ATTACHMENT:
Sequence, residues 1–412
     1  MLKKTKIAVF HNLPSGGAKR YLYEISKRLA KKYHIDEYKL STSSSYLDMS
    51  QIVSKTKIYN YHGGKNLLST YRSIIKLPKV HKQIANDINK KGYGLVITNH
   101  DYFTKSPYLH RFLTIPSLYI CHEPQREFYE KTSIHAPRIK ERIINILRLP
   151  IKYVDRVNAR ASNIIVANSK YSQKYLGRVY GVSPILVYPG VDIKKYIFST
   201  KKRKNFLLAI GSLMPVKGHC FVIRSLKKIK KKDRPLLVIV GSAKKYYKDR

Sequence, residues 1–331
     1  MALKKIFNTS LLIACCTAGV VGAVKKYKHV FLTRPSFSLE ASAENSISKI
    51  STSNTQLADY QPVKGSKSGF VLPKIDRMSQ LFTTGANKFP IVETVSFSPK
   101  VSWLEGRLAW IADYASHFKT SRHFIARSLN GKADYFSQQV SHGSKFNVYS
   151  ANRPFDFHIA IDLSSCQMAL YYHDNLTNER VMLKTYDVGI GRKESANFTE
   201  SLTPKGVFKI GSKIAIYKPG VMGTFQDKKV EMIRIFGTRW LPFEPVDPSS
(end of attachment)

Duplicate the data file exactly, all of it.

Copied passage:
Sequence, residues 1–412
     1  MLKKTKIAVF HNLPSGGAKR YLYEISKRLA KKYHIDEYKL STSSSYLDMS
    51  QIVSKTKIYN YHGGKNLLST YRSIIKLPKV HKQIANDINK KGYGLVITNH
   101  DYFTKSPYLH RFLTIPSLYI CHEPQREFYE KTSIHAPRIK ERIINILRLP
   151  IKYVDRVNAR ASNIIVANSK YSQKYLGRVY GVSPILVYPG VDIKKYIFST
   201  KKRKNFLLAI GSLMPVKGHC FVIRSLKKIK KKDRPLLVIV GSAKKYYKDR

Sequence, residues 1–331
     1  MALKKIFNTS LLIACCTAGV VGAVKKYKHV FLTRPSFSLE ASAENSISKI
    51  STSNTQLADY QPVKGSKSGF VLPKIDRMSQ LFTTGANKFP IVETVSFSPK
   101  VSWLEGRLAW IADYASHFKT SRHFIARSLN GKADYFSQQV SHGSKFNVYS
   151  ANRPFDFHIA IDLSSCQMAL YYHDNLTNER VMLKTYDVGI GRKESANFTE
   201  SLTPKGVFKI GSKIAIYKPG VMGTFQDKKV EMIRIFGTRW LPFEPVDPSS